Hey Scott, Did you know the Undertaker (and Crush) appeared in a bollywood movie back in the mid-90s? From watching this clip it is obviously not the real Undertaker but based on the comments it sounds like it’s Brian Lee during his fake Undertaker gimmick. Can you tell if it is him or an actor? http://www.youtube.com/watch?v=l_4Hhd0RGFE&feature=related I’m wondering how this random casting came about.
It’s absolutely Brian Lee, because his hair is totally different from Mark Callaway’s and it’s easy to tell them apart. And of course Lee and Brian Adams were good friends so it’s not terribly surprising that they’d be hanging out and doing a movie together. Why the fuck they did that movie in India, I don’t know. 1994 was a weird time for the WWF, that’s all I can say about it.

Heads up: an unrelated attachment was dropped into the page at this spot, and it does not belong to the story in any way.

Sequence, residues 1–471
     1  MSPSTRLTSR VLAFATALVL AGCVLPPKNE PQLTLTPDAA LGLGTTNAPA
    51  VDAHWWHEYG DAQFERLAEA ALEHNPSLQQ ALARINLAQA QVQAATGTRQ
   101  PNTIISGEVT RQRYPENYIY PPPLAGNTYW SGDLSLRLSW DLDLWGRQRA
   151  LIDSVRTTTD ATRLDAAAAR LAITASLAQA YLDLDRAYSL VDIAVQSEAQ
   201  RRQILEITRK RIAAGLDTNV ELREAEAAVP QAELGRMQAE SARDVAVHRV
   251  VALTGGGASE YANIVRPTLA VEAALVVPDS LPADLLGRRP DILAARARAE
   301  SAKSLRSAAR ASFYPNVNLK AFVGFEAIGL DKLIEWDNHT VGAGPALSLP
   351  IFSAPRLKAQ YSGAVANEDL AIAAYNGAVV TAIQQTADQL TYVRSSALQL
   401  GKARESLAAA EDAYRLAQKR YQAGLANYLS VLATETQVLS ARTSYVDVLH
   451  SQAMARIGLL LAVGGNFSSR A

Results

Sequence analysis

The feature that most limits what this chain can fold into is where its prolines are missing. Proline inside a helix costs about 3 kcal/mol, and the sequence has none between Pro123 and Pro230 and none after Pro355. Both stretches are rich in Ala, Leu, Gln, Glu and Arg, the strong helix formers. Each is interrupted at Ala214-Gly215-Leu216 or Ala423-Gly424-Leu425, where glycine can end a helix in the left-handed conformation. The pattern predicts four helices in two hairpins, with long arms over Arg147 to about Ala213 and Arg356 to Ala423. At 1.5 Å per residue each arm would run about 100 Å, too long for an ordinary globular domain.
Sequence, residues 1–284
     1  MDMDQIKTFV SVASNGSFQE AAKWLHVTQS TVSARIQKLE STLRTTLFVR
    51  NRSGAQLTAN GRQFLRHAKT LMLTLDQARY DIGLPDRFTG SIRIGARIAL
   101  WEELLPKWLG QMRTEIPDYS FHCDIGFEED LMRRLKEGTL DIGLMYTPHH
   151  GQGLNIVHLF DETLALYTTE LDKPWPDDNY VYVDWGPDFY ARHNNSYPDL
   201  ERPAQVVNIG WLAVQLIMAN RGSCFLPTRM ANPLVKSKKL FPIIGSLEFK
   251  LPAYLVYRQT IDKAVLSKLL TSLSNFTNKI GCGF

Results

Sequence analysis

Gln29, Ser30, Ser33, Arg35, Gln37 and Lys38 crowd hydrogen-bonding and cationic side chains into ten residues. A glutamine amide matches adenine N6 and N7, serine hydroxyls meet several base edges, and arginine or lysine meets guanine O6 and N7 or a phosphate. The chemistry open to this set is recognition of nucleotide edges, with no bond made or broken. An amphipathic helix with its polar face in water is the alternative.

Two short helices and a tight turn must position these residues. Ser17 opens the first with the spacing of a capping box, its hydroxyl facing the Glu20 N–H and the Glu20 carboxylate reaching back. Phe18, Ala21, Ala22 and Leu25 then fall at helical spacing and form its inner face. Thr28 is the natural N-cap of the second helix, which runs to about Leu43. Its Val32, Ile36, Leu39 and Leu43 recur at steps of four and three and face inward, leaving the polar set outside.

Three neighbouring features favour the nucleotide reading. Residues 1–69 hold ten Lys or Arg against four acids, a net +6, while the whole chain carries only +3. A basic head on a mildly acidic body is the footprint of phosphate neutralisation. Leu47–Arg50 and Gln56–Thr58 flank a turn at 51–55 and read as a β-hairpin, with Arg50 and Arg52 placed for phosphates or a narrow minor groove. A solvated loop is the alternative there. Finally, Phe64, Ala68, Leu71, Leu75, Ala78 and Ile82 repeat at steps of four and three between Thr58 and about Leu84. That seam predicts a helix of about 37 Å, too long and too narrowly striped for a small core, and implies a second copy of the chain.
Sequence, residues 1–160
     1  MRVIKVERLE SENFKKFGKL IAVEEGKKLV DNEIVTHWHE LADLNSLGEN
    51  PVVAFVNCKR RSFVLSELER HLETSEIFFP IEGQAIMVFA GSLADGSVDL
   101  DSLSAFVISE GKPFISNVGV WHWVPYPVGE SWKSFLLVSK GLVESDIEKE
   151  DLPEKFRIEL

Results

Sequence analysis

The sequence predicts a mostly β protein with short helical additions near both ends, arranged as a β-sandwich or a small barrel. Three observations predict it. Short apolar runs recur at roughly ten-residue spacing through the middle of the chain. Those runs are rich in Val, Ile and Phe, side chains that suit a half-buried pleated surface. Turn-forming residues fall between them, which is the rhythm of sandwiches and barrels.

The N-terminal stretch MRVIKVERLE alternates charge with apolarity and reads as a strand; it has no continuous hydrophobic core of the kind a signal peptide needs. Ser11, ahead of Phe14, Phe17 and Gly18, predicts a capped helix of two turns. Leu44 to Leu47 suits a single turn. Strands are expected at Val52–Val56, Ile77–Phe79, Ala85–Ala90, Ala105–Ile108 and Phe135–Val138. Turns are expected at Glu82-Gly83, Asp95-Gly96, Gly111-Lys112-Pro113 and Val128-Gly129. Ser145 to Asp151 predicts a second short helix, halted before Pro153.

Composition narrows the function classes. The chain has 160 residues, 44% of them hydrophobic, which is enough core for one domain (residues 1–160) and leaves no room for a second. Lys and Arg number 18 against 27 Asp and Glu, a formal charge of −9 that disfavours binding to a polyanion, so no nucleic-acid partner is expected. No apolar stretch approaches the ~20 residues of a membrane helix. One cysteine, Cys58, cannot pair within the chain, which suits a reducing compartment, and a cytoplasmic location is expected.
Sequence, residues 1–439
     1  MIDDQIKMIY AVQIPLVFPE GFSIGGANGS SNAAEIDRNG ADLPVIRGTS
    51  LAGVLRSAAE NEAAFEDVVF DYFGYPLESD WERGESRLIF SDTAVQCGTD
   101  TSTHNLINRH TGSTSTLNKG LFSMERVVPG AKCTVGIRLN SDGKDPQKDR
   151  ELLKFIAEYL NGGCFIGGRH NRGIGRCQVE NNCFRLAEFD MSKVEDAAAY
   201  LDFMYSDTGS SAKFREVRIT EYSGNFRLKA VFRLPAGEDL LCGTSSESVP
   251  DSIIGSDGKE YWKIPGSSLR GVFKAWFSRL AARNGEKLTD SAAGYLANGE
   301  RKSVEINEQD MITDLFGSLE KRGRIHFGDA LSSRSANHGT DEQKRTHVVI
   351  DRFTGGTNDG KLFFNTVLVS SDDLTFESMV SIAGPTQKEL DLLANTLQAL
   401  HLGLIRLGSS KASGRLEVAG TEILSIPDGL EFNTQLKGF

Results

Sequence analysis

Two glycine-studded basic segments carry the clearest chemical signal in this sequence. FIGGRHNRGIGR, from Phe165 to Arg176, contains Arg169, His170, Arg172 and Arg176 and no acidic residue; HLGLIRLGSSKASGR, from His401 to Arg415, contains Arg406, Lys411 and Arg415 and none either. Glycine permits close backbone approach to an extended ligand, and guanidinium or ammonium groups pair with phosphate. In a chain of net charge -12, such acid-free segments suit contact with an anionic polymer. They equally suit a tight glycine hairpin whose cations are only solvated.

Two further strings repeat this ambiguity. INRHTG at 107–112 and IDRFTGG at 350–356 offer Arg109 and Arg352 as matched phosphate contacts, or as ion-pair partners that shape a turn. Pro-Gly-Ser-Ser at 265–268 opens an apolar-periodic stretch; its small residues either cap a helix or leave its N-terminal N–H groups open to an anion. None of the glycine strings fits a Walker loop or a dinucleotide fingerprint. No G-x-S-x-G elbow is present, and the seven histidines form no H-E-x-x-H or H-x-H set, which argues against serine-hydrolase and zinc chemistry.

Hey Scott, Colin from the Blog here. So I’m just sitting back and watching an old Nitro from 2000 (I know, I’m a glutton for punishment) and once again here comes Judy fuckin’ Bagwell on my television (or rather, computer) screen. What gives man? Was this all some big rib on Buff by Nash and the boys backstage? IIRC Buff was infamous for being a "momma’s boy" or whatever, and isn’t that why he was fired from the WWF in 2001 when the Invasion started, because he had his mother call him in sick or something along those lines? You were a stalwart of the IWC at the time so I figured you’d be the best person to ask about this one. It just seems like it was all a big rib on Buff. I wonder if he noticed.
Yeah, you’ve got it right. The whole thing with Judy Bagwell was basically a huge rib on Buff (and one on the fans, really), and “his mama called in sick to WWE” really did happen as well. That’s what WCW does to you, I guess.
http://wrestling.insidepulse.com/2011/08/13/the-smarkdown-rant-august-12-2011/ Worst commentary team in history? I don’t think there’s much question about it.